Nearly a million measurements show that two-thirds of the Philadelphia vowels are in the process of change. In one instance, the vowel used in the word "ate" has steadily moved closer to the vowel of "eat," as shown by the speaker's date of birth from 1888 to 1992. The change in progress affects equally people of all educational levels, both men and women.

"A 'snake' in the grass becomes a 'sneak' in the grass as the long vowel 'a' is pronounced with the speaker's jaw in a higher position," Labov said.

The vowel of "out" and "down" has reversed direction, after moving toward a distinctively different Philadelphia sound for the first half of the century. For those born in the 1950s and later, this vowel moved progressively back towards the position it held in 1900.

The paper looks for an explanation of these differences in the relation of Philadelphia to its geographic neighbors. In the earlier period, many Philadelphia features resembled those found in Southern dialects, and these are the changes that have reversed direction.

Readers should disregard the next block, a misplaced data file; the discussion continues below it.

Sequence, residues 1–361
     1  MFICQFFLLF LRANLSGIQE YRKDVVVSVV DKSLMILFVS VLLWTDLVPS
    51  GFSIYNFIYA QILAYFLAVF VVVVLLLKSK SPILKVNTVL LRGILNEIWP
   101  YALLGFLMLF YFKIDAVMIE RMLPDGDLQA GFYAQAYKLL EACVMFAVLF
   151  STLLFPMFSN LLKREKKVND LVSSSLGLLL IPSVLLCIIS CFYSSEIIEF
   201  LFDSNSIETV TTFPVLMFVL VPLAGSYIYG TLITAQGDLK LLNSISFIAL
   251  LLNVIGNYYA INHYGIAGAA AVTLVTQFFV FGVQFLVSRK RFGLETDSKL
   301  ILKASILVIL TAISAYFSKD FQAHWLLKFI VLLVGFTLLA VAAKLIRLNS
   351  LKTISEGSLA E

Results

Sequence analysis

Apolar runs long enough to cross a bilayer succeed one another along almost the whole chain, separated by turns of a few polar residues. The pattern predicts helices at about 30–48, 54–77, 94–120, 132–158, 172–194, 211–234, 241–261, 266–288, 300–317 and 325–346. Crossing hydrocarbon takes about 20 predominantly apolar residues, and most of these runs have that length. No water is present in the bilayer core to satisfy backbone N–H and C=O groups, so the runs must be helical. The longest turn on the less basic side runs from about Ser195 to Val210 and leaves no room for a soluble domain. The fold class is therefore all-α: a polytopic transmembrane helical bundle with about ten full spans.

Those that have not are movements towards patterns heard in the Northern dialects of western New England, New York state and the Great Lakes Region. The "Northernization" of the Philadelphia region is related to other findings on the direction of linguistic change in North America.

Local dialects are receding among younger speakers in the Southern states, while new sound changes are advancing steadily among younger speakers in the North.


Story Source:

The above story is based on materials provided by Linguistic Society of America. Note: Materials may be edited for content and length.


Journal Reference: